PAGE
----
Consider a character vector, `pool`

, whose elements are (zero-padded) binary numbers with up to `max_len`

digits.

```
max_len <- 4
pool <- unlist(lapply(seq_len(max_len), function(x)
do.call(paste0, expand.grid(rep(list(c('0', '1')), x)))))
pool
## [1] "0" "1" "00" "10" "01" "11" "000" "100" "010" "110"
## [11] "001" "101" "011" "111" "0000" "1000" "0100" "1100" "0010" "1010"
## [21] "0110" "1110" "0001" "1001" "0101" "1101" "0011" "1011" "0111" "1111"
```

I'd like to sample `n`

of these elements, with the constraint that none of the sampled elements are prefixes of any of the other sampled elements (i.e. if we sample `1101`

, we ban `1`

, `11`

, and `110`

, while if we sample `1`

, we ban those elements beginning with `1`

, such as `10`

, `11`

, `100`

, etc.).

The following is my attempt using `while`

, but of course this is slow when `n`

is large (or when it approaches `2^max_len`

).

```
set.seed(1)
n <- 10
chosen <- sample(pool, n)
while(any(rowSums(outer(paste0('^', chosen), chosen, Vectorize(grepl))) > 1)) {
prefixes <- rowSums(outer(paste0('^', chosen), chosen, Vectorize(grepl))) > 1
pool <- pool[rowSums(Vectorize(grepl, 'pattern')(
paste0('^', chosen[!prefixes]), pool)) == 0]
chosen <- c(chosen[!prefixes], sample(pool, sum(prefixes)))
}
chosen
## [1] "0100" "0101" "0001" "0011" "1000" "111" "0000" "0110" "1100" "0111"
```

This can be improved slightly by initially removing from `pool`

those elements whose inclusion would mean there are insufficient elements left in `pool`

to take a total sample of size `n`

. E.g., when `max_len = 4`

and `n > 9`

, we can immediately remove `0`

and `1`

from `pool`

, since by including either, the maximum sample would be 9 (either `0`

and the eight 4-character elements beginning with `1`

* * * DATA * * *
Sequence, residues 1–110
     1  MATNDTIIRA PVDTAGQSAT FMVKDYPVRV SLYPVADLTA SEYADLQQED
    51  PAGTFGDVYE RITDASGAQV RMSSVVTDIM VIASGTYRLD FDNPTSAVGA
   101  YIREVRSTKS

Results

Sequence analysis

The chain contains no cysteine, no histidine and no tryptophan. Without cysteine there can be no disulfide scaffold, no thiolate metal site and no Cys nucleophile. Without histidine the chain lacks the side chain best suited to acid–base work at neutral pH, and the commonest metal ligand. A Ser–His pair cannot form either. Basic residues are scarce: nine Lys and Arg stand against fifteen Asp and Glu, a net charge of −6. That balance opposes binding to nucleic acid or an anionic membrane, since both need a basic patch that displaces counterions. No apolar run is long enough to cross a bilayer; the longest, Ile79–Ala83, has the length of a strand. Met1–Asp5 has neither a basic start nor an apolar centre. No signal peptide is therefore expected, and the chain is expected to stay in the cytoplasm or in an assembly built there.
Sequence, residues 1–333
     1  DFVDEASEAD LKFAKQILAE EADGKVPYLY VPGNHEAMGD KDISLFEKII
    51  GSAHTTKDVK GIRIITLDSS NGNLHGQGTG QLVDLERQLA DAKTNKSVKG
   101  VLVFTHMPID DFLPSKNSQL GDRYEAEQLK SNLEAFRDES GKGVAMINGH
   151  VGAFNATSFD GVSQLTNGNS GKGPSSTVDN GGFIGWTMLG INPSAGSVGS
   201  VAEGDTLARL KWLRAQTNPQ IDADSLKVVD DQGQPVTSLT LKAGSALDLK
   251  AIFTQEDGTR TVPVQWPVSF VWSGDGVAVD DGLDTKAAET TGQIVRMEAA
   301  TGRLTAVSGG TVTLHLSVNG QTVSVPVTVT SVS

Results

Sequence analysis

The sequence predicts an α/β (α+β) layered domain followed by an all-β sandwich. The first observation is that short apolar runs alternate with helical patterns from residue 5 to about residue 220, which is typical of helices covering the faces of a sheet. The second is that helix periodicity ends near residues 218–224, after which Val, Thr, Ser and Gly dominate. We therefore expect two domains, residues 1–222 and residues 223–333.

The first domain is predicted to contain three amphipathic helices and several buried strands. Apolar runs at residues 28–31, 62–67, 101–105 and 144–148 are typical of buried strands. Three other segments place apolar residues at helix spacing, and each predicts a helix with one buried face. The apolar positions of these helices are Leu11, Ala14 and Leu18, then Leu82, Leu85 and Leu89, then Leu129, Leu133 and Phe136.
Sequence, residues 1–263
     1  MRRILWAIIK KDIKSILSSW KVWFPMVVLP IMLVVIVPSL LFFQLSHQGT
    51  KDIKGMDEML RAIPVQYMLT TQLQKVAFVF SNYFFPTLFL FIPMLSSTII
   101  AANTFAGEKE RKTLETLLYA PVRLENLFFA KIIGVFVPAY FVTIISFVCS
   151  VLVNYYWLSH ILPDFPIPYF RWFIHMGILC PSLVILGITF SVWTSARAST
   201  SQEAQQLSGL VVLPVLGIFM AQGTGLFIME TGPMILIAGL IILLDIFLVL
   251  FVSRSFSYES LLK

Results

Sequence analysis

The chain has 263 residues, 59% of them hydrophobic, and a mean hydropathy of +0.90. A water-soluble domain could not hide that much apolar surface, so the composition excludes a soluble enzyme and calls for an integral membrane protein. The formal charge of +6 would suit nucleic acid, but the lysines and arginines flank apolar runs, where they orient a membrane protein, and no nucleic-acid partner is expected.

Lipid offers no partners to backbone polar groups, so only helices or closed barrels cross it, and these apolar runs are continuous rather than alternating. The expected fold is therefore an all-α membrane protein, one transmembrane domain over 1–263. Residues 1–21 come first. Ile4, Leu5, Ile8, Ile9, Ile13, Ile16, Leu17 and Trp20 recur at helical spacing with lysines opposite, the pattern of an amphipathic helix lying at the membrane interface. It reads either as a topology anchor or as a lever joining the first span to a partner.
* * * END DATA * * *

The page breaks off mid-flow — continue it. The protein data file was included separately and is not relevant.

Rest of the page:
, or `1`

and the eight 4-character elements beginning with `0`

).

Based on this logic, we could then omit elements from `pool`

, prior to taking the initial sample, with something like:

```
pool <- pool[
nchar(pool) > tail(which(n > (2^max_len - rev(2^(0:max_len))[-1] + 1)), 1)]
```

Can anyone think of a better approach? I feel like I'm overlooking something much more simple.

**EDIT**

To clarify my intentions, I'll portray the pool as a set of branches, where the junctions and tips are the nodes (elements of `pool`

). Assume the yellow node in the following figure (i.e. 010) was drawn. Now, the entire red "branch", which consists of nodes 0, 01, and 010, is removed from the pool. This is what I meant by forbidding sampling of nodes that "prefix" nodes already in our sample (as well as those already *prefixed* by nodes in our sample).

If the sampled node was half-way along a branch, such as 01 in the following figure, then all red nodes (0, 01, 010, and 011) are disallowed, since 0 prefixes 01, and 01 prefixes both 010 and 011.

I don't mean to sample *either* 1 *or* 0 at each junction (i.e. walking along the branches flipping coins at forks) - it's fine to have both in the sample, as long as: (1) parents (or grand-parents, etc.) or children (grandchildren, etc.) of the node aren't already sampled; and (2) upon sampling the node there will be sufficient nodes remaining to achieve the desired sample of size `n`

.

In the second figure above, if 010 was the first pick, all nodes at black nodes are still (currently) valid, assuming `n <= 4`

. For example, if `n==4`

and we sampled node 1 next (and so our picks now included 01 and 1), we would subsequently disallow node 00 (due to rule 2 above) but could still pick 000 and 001, giving us our 4-element sample. If `n==5`

, on the other hand, node 1 would be disallowed at this stage.

givena pool, rather that there is an algorithm which minimizes the entropy of the result (bits/symbol). – Henrik Jun 12 '15 at 8:21